So, to wrap up this long-winded story and get to the point of how all of this relates to you—we all know, or have had teachers in our lives who’ve made a positive difference. And, most likely if you’re reading this blog, you are a teacher yourself. Like my grandmother, you are a champion, a hero, and a constant cheerleader for your students—students who, thanks to COVID-19, haven’t been able to sit in your classroom for far too long. But, I guarantee, as much as you remember and miss your students right now, make no mistake, if you are anything like Marguerite Klinger, your students most certainly remember and miss you, too. The future is blurry right now, but one thing is still perfectly clear—you will come together with your students again on another sunny September morning to relish in the joy and absolute privilege of a classroom education. A privilege that this generation of students (and parents alike) will most likely never take for granted again. 

Thank you, teachers!

From ALL of us at Nasco Education (and from the depths of this little writer’s heart, as both a parent and proud granddaughter of an amazing educator)—THANK YOU for being a teacher. THANK YOU for your unwavering determination, your faith in education, and your belief in our children. THANK YOU for weathering the storm in these crazy, uncertain times.

You are appreciated now, more than ever, and you have our full support—always. It is our honor and absolute privilege to serve you in any way we can. Please, stay strong, stay safe, and stay healthy.

From all of us at Nasco Education, thank you, teachers, for everything you do!

4 Thoughts

  1. Hi Mrs.Cruse, Feb. 2020

    So I thought about you yesterday on National Woman’s day and wanted to reach out and thank you for being such a positive role model in the 6th grade. You have influenced me in ways that are difficult to put into words, but I’ll go ahead and try anyways. The love and positivity that you radiated in class everyday has stayed with me well after the last day of 6th. I still have the rock you had us write on and that inspirational quote I wrote has helped me get through days where I just wanted to quit. Now, I absolutely love what I study at one of the best Universities in the US and I hope to teach just like you in the future. Hope you’ve been doing well over the years!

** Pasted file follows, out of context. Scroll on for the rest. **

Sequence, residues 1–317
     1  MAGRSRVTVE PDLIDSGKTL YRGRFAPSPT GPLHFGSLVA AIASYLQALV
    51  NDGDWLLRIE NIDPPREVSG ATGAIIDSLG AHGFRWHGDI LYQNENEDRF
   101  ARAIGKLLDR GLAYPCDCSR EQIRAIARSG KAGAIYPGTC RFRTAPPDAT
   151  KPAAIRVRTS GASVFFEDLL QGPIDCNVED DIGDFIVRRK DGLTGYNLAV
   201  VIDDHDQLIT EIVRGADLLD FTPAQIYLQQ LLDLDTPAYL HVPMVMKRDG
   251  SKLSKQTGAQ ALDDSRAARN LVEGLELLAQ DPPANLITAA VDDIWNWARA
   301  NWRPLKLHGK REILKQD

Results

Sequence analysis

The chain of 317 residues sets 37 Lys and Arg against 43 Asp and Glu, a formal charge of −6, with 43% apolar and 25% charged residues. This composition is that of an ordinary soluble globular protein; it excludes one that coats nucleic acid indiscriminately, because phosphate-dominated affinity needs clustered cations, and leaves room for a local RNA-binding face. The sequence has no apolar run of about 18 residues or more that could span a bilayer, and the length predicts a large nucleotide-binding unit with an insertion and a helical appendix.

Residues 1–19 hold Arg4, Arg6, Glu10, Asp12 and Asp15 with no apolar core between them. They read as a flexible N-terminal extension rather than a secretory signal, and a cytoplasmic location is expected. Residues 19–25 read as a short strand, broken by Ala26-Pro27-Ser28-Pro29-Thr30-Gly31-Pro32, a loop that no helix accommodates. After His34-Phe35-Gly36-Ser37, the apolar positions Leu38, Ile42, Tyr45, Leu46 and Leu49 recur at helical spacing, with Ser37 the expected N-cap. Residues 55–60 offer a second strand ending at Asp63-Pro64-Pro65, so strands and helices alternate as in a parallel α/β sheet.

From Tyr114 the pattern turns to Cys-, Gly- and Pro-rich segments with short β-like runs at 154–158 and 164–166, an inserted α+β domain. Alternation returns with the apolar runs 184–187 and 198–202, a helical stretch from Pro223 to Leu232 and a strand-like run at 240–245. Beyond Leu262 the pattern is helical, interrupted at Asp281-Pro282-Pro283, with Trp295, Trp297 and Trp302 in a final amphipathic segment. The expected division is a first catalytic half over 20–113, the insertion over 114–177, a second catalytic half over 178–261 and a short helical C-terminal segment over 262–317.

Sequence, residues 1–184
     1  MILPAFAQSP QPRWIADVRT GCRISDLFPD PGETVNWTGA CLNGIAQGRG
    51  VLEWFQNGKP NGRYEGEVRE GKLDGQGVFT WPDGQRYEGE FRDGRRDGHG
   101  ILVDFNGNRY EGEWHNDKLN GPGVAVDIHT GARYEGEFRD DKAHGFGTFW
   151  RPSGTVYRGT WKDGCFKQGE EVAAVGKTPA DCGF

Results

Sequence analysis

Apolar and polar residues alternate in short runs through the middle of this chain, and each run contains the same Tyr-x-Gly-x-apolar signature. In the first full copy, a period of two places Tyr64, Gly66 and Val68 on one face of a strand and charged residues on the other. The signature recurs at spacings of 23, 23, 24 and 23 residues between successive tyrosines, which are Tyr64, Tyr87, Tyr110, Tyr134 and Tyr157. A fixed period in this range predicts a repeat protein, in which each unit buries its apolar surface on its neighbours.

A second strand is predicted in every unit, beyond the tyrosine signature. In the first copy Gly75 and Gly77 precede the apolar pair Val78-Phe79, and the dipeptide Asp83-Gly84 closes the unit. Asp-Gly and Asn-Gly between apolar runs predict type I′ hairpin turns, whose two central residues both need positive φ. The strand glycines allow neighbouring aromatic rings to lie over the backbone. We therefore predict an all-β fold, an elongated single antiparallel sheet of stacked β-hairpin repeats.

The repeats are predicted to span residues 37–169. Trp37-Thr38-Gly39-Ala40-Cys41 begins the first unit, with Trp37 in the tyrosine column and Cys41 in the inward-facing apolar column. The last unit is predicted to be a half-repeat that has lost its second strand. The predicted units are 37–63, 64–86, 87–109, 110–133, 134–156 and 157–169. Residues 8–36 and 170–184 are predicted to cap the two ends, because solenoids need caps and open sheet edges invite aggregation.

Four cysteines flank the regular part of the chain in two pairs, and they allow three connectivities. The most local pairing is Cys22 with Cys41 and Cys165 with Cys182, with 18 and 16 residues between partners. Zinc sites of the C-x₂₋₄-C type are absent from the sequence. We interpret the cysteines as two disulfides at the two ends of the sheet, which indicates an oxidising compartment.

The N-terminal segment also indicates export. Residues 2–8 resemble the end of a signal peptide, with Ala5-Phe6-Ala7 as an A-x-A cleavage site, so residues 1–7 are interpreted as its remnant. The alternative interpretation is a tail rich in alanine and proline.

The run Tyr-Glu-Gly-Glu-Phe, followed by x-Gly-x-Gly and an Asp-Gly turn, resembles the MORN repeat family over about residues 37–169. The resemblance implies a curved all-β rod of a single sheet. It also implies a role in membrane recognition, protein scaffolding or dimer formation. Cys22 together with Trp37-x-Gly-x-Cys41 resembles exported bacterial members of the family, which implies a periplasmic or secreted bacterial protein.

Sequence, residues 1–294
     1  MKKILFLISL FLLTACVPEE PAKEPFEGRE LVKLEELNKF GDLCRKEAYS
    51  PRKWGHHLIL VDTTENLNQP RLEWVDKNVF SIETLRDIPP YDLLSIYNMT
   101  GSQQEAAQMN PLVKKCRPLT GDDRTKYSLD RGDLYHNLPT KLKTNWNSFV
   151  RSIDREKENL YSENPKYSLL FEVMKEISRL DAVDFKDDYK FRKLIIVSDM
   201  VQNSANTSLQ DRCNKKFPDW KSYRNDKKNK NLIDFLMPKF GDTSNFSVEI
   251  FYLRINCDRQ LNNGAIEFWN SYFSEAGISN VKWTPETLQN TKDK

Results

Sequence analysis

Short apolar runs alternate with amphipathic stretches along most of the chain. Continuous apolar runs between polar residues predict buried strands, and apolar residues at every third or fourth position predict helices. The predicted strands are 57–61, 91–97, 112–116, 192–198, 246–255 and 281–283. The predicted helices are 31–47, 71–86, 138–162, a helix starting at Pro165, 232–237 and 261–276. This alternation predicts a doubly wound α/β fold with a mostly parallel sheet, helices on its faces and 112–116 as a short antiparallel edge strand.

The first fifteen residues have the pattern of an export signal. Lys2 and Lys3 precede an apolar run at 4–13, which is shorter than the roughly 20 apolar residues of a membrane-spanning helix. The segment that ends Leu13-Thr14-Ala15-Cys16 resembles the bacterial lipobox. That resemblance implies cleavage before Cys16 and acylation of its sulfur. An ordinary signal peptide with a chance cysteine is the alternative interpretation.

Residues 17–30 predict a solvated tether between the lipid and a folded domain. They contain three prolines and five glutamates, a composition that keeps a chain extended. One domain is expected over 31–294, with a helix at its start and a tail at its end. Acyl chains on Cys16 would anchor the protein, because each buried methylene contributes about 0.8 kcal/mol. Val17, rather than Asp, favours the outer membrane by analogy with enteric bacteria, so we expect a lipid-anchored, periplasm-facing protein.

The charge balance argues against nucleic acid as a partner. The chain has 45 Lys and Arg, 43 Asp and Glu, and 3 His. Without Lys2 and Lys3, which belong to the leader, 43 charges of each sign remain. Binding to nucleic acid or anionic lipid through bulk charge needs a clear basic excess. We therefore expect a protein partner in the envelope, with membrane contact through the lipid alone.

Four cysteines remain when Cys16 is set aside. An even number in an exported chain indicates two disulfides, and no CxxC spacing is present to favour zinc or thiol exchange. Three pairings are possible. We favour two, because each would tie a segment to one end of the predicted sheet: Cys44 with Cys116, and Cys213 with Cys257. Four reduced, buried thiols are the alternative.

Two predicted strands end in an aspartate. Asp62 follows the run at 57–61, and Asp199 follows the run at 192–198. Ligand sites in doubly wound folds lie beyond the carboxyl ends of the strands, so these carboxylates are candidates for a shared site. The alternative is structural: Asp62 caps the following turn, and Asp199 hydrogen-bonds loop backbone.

Your former student,
    Hrag

  2. Thank you Jamie for adding to my “happy” tears this morning. This has already started out as a good day sitting in front of my laptop. I am starting to see artworks coming in from my Advance Art students and with each one I see my heart is touched by the meanings and symbolism in their creations. I started out with an art lesson on refugees with art from two artists who found themselves as refugees. One story was about Ernst Kirschner and his struggle to create while trying to find solitude. The works that my students are creating are amazing and have restored my faith in the fact that I can teach from home, and from this laptop. I was so touched by your story and your memories Jaimie. We too had a teacher in our family that taught 5th grade most of her life that passed away last year. She was loved by so many she taught and her last name was Klinger, she was from Musukegon, Michigan.

    1. Aww, so glad I could brighten your day, Peg! THANK YOU for sharing that … and for letting me know there are more amazing Klinger’s out there. 🙂